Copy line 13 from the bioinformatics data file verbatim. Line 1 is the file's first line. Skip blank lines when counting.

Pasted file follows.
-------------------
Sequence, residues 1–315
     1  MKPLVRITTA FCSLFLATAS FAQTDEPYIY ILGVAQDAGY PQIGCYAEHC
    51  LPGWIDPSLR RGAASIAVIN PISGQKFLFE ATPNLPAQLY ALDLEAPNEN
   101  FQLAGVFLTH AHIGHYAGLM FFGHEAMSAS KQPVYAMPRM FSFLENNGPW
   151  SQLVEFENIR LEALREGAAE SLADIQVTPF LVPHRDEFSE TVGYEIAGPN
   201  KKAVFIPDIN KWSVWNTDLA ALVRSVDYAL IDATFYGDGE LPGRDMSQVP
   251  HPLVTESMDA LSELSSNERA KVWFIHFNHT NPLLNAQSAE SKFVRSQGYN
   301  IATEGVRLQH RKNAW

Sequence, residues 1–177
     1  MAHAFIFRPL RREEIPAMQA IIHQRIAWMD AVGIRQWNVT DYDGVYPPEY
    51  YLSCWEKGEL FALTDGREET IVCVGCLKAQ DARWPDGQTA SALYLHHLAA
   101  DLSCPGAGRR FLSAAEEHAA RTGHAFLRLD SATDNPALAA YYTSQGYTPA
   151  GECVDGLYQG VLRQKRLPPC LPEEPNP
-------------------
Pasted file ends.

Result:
   151  GECVDGLYQG VLRQKRLPPC LPEEPNP